Best of Brick

The 7 best ways to get your landlord to fix stuff in your apartment

By Virginia K. Smith | December 31, 2020 - 1:30PM 

If your landlord isn’t responding to your repair requests, here’s how to move the process along.


Needing something fixed in your apartment is an inevitable part of the experience of renting in New York City. Fortunately, there are laws and regulations that require landlords to act promptly when you report something is broken, but that doesn’t necessarily mean your leaky faucet or faulty microwave will be repaired immediately.  

Typically, a landlord’s responsiveness depends on several variables, like how efficiently your super or management company runs the building, whether or not you live in a rent controlled apartment, or how keen your landlord is to retain you as a tenant. 

But there are ways you can speed up repairs, like putting the request in writing. Other tips also involve tipping the building staff, teaming up with other residents who are dealing with the similar problems, or taking the matter to the city authorities.

[Editor's note: A previous version of this post was published in October 2020. We are presenting it again as part of our holiday Best of Brick week.]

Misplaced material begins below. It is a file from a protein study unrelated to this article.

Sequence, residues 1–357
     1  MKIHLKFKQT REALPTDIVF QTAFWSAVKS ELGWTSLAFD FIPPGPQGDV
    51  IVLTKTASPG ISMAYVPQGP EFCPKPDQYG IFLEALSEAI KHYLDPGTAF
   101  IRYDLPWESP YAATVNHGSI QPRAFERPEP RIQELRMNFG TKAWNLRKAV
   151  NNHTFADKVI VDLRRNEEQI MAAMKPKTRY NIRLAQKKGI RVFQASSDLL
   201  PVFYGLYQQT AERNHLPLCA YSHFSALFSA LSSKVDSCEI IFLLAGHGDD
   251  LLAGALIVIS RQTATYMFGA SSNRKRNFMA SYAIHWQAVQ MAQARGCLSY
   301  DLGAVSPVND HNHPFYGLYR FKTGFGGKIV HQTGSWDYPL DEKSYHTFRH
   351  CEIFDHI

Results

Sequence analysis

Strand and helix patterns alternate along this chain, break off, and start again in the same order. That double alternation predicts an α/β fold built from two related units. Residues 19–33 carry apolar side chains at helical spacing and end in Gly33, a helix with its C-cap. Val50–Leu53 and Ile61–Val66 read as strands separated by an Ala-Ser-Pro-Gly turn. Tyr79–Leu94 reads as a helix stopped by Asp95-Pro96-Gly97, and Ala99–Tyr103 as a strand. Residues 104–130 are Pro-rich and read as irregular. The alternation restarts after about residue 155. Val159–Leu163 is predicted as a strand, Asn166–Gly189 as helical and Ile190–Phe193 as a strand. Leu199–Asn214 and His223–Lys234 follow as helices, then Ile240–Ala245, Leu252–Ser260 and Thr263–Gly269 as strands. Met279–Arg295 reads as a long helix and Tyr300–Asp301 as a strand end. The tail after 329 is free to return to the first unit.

If you're having trouble getting things done, here are seven tried-and-true tactics to help move the process along.

1) Put it in writing

Rule number one of dealing with landlords is that you should always put your requests and complaints in writing, especially for a big repair job. (Ideally by certified mail, so no one can claim they lost your letter or that your email got caught in the spam folder.) This serves to create a paper trail in the event you end up taking them to court. It also has a way of getting their attention, fast. 

If there is a complaint book in the building, log your problem there, says Steven Wagner, partner at the Manhattan law firm Wagner Berkow & Brandt (a Brick Underground sponsor). However he points out that writing a letter to the super or to the managing agent and copying in the other makes it official and will get a better response. 

Some leases also have provisions for how the landlord prefers to be contacted, so check yours before you reach out, and act accordingly. If you have multiple, documented attempts to get in touch with the landlord to solve a problem, this will work in your favor in any kind of legal dispute down the road.

2) Tip the super